Tuesday, March 31, 2015

AARP Survey Reports that Half of Older Workers Who Were Unemployed in Last Five Years Remain Jobless

According to a survey conducted by AARP, 50% of the surveyed 45- to 70-year-olds who experienced job losses during the past five years reported they were either unemployed or had dropped out of the labor force. Among those who had become reemployed, nearly half said they were earning less than in their previous jobs. The report on the survey&madash;"The Long Road Back: Struggling to Find Work after Unemployment" also examines the different experiences between people who had been short-term unemployed—less than six months—with those who had been long-term unemployed—more than six months.

Among other things, the survey found that:
  • 38% reported they were unemployed, and 12% had dropped out of the labor force;
  • 48% of the reemployed said that they were earning less on their current job than the job they had before they most recently become unemployed;
  • 59% of the reemployed who suffered a long-term spell of unemployment were earning less in their current job, compared to 41% who had been short-term unemployed;
  • 41% of those who experienced long-term unemployment are working in part-time jobs:
  • 53% had an occupation different from the one they had prior to becoming unemployed;
  • 25% of the respondents who landed jobs and participated in training or education programs in the previous five years said it helped a great deal in finding a job.
See also AARP's Public Policy Institute initiative on Future of Work @50+.Sources: AARP Press Release (March 30, 2015); Washington Post Wonkblog"Losing a job is always terrible. For workers over 50, it’s worse." (March 30, 2015)

Saturday, March 28, 2015

OECD Encourages Poland To Promote Longer Working Lives as Vital to Improving Poland’s Future Prosperity

According to the latest OECD report on aging societies, while the percentage of old to younger groups is projected to nearly triple from 22% in 2012 to 63% in 2050 in Poland, the proportion of older people in Poland who are working still remains well below the average for OECD countries. Thus, the OECD concludes in "Working Better with Age in Poland" that "further reforms to encourage active aging and longer working lives are needed in Poland. Employers need to do more to improve working conditions for older workers and reduce the large gender gap in employment.”

The OECD found that, in 2013, the employment rate of 55-64 year olds was 41%, compared with the OECD average of 55%, and it was only 9% for the age group 65-69, compared with the OECD average of nearly 20%. Among its recommendations, the OECD says Poland should:
  • Help more women stay longer in the labour market. Further development of care facilities is required to help older women combine work with family responsibilities. Women’s labour market conditions and future pensions should be reformed.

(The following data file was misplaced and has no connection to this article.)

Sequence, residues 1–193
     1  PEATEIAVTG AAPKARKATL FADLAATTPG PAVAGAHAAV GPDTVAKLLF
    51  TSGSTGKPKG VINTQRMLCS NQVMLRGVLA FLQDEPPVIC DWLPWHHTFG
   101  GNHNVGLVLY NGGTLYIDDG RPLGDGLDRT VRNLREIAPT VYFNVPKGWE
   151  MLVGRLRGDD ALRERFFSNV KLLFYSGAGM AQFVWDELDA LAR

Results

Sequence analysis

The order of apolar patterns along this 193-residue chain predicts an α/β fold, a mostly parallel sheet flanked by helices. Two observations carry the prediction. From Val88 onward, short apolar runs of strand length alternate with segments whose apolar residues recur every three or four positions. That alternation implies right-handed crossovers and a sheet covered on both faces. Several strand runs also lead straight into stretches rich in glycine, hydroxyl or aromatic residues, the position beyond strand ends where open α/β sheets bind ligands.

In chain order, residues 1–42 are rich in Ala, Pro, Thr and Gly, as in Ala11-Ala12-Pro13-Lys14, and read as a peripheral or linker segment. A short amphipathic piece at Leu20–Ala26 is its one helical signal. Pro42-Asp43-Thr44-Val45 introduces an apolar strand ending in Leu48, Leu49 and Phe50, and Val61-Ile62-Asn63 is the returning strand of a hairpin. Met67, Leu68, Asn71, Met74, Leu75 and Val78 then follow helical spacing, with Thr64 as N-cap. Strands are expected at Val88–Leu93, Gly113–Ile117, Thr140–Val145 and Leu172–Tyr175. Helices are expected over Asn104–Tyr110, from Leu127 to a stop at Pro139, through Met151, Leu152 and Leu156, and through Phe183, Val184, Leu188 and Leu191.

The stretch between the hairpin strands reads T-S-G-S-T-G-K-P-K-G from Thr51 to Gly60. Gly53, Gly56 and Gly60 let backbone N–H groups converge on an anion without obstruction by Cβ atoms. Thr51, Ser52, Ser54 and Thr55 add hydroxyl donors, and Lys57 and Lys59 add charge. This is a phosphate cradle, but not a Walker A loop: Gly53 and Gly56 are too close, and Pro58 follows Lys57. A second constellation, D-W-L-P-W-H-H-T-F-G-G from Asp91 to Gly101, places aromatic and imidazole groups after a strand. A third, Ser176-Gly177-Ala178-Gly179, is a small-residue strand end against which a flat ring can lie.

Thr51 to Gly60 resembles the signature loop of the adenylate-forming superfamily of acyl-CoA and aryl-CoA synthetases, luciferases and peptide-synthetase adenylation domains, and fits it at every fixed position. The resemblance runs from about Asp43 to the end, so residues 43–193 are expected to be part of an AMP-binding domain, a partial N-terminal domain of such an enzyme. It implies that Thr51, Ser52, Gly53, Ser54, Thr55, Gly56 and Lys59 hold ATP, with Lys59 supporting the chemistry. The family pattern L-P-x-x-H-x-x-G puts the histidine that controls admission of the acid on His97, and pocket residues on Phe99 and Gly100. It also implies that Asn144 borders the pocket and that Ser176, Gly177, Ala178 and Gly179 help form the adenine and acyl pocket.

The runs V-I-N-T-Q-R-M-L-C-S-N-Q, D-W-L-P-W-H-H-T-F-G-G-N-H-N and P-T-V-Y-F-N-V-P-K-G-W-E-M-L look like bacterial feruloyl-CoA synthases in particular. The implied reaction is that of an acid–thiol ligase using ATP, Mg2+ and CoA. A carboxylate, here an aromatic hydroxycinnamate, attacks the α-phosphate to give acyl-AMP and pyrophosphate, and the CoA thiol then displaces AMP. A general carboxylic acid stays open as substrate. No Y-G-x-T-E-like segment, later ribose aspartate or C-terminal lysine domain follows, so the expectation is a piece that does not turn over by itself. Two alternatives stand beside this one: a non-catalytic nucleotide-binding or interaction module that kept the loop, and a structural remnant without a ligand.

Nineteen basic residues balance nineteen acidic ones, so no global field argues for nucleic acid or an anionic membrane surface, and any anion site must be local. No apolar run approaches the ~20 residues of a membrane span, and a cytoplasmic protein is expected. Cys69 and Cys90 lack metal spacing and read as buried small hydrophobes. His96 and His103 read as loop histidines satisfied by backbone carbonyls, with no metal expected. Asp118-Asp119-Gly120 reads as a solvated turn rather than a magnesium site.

• Concentrate on preventive measures in occupational health services. Local health services should also have prevention and early identification of health risks as priorities.
  • Make social dialogue a driving force in the design and implementation of policies to prolong working lives, for example, through projects in the “Solidarity Across Generations” programme, which was renewed in 2013.
  • Align employment protection legislation (EPL) across all age groups by abolishing the special protection rules for older workers. This should however be combined with reinforced active labour market measures for older jobseekers to facilitate their quick reintegration into employment.
Source: OECD Press Release (March 27, 2015)

Friday, March 20, 2015

AARP Report Reviews Importance of Workforce Development Programs to Older Workers

The AARP Public Policy Institute has issued a report reviewing public workforce development programs in the United States over the last eighty years with a special emphasis on their importance to older Americans. In "Selected Public Workforce Development Programs in the United States Lessons Learned for Older Workers," Stephen A. Wandner (Urban Institute and W.E. Upjohn Institute for Employment Research), David E. Balducchi (W.E. Upjohn Institute for Employment Research and Wandner and Associates, Inc.), and Christopher J. O’Leary (W.E. Upjohn Institute for Employment Research) paid attention is paid to services benefitting dislocated workers—that is, experienced adults permanently separated from their prior employers.

The report suggests some policy options to increase the availability and effectiveness of services for older jobseekers making use of the American Job Center Network. These suggestions relate to employment services, training, reemployment bonuses, and public service employment, among other things.

Source: AARP Public Policy Institute New Reports (March 18, 2015)